Reality & Ritual
By Richard Conceicao
One day among a group of TKD students, I had the opportunity to train with a law enforcement instructor in some basic control techniques. It was fun to go over things that I haven’t done in years. The hard part was forcing myself to do it his way, as you find your muscle memory moving you elsewhere. I always try to avoid that trap otherwise I would never learn the new way, and it may prove to be far superior!
The group was very receptive to his “reality” based techniques. They usually are, as there is a clarity, and immediately visible effectiveness to these techniques. They are usually easier to understand because you can actually see the application, and work on it with your partner, till both of you gets it right.
Most of the material presented had to do with containment and control, as is appropriate for law enforcement. The same concepts could have been easily
I think this is one of the main appeals of MMA fighting. I also believe they are a welcome relief from “kick-kick-punch-kick” (rinse and repeat) world of karate for most people, especially those with little grappling experience.
I am sure that most, if not all, of the participants did not realize that much of what they were doing were movements, either directly performed or implied in the forms, and one steps, that they were all familiar with. Of course, it is true that, in many cases, the movements are so stylized that it becomes difficult to perceive them. In addition, we are so conditioned by the sporting aspects, which suffuse everything these days, that we modify our applications to fit that model.
The real issue to me is that we have made everyone blind to these applications through our training process. We give movements erroneous names, which just serve to confuse instead of describe. As an example, can’t we really drop the idea that the “assisted/augmented block” is one hand supporting the other as it is “blocking” something! It isn’t a block, it never was a block, but because we tell everyone that it is, their minds stop there. It never occurs to them that more may be going on.
I remember commenting to a participant that we would be better off telling our white belts to just “move like this” and not give it name, then maybe they would like to learn all the things that you can do when you “just move like this”.
For historical reasons we have skewed the approach to forms. We expect the forms to show us what to do, and, I guess in a rudimentary manner they do. The “reality” based approach is very different; you learn the techniques and variations only. You work on them over and over till you can do them by feel. You can later pantomime them in a solo fashion because you know exactly what if feels like to do them.
How many of you when practicing your forms recreate in your minds the memory of what the technique “feels like” when you do it against an opponent’s body. Do you remember the tiny changes that you do to compensate for resistance or variations in angle?
Well guess what, that is exactly how it was done in the old days. The practitioners knew the applications cold. They had banged each other around enough to know exactly how everything felt, and how to change it depending on what the other guy did. The only thing most of them couldn’t do— write it down! With the exception of the scholars and nobility, many practitioners were completely illiterate. So, they did the next best thing, they developed a pantomime of the different scenarios and strung it together in what we now call a form, which they then memorized. To make it perfectly clear, they knew the applications before they learned the form.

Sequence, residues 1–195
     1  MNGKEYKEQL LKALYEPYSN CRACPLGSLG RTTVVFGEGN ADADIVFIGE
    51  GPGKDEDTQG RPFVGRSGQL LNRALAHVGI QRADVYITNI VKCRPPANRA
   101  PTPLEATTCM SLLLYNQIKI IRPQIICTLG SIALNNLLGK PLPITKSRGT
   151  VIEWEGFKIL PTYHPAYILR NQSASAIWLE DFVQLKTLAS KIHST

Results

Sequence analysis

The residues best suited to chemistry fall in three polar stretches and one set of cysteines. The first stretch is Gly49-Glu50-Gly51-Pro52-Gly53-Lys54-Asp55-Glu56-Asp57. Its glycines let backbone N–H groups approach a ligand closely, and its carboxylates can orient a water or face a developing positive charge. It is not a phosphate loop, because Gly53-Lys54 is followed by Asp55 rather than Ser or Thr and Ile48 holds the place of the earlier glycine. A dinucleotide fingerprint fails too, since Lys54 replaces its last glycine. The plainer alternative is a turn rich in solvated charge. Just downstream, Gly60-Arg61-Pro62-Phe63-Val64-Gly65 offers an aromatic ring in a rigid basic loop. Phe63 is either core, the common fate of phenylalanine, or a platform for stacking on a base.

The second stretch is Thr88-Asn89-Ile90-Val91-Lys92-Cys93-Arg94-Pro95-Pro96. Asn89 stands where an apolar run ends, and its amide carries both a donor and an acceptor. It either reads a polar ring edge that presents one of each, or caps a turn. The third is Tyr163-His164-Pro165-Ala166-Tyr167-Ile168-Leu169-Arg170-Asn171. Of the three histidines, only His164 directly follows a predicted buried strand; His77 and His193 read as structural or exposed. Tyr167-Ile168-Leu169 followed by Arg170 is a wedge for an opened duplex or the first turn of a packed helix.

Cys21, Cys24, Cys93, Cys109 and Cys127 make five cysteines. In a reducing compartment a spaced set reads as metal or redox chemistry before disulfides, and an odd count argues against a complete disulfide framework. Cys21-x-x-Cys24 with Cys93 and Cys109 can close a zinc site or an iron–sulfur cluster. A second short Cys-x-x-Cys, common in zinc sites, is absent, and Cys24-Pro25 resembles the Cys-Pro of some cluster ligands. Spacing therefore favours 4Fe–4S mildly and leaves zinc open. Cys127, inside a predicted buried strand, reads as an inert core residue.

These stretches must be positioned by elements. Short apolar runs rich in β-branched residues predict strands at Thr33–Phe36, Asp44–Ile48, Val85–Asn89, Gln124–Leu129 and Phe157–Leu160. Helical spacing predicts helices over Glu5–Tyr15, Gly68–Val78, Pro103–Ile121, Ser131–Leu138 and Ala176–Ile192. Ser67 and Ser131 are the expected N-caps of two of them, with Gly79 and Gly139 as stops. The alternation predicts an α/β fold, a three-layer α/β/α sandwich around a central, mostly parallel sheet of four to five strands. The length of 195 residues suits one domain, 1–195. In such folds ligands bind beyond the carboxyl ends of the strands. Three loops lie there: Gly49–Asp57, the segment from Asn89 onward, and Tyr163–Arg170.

To paraphrase Patrick McCarthy (the noted karate historian) speaking about Pinan 1, the kata contains “advanced fighting techniques strung together in a highly improbable way”. There are some interesting observations on the formation of these embusen (Jap. “Combat line”), but that is a topic for another time.
Of course some of the old masters drew pictures as well as wrote, but there were very few. Even still, if you didn’t know the applications you could only go so far. In Crouching Tiger Hidden Dragon, the bandit daughter is a much better fighter than her mother. Mom stole the WuDeng manual but she could only look at the pictures, the daughter could read as well.
Therefore, I suggest that we might want to change our training emphasis around. We should spend most of our time on two man drills, with many variations, and then learn a form that encompasses them. This is actually the way all the classical ryu were taught. After doing all that, it is pretty easy to memorize a form, and have it contain a wealth of meaning.
To our great loss, by the stylistic ritualization of everything we do, we have lost much of the “reality base” that was always there, and if we can get past the window dressing, is still there. I suppose I would be lax if I didn’t mention the other major method of the transmission of knowledge- the oral one. I find this mostly in Chinese systems. Every move has a name, and if you memorize the names and the order that they appear, you have a poem. If you memorize the poem, you know the form, and of course, no one else does—it’s your secret.
The “seventh road” (form) of Dragon Palm Baqua: “Lion holds the ball, Lion rolls the ball, Lion pounces on ball, Lion opens mouth, Lion rolls over, Sky horse walking in ai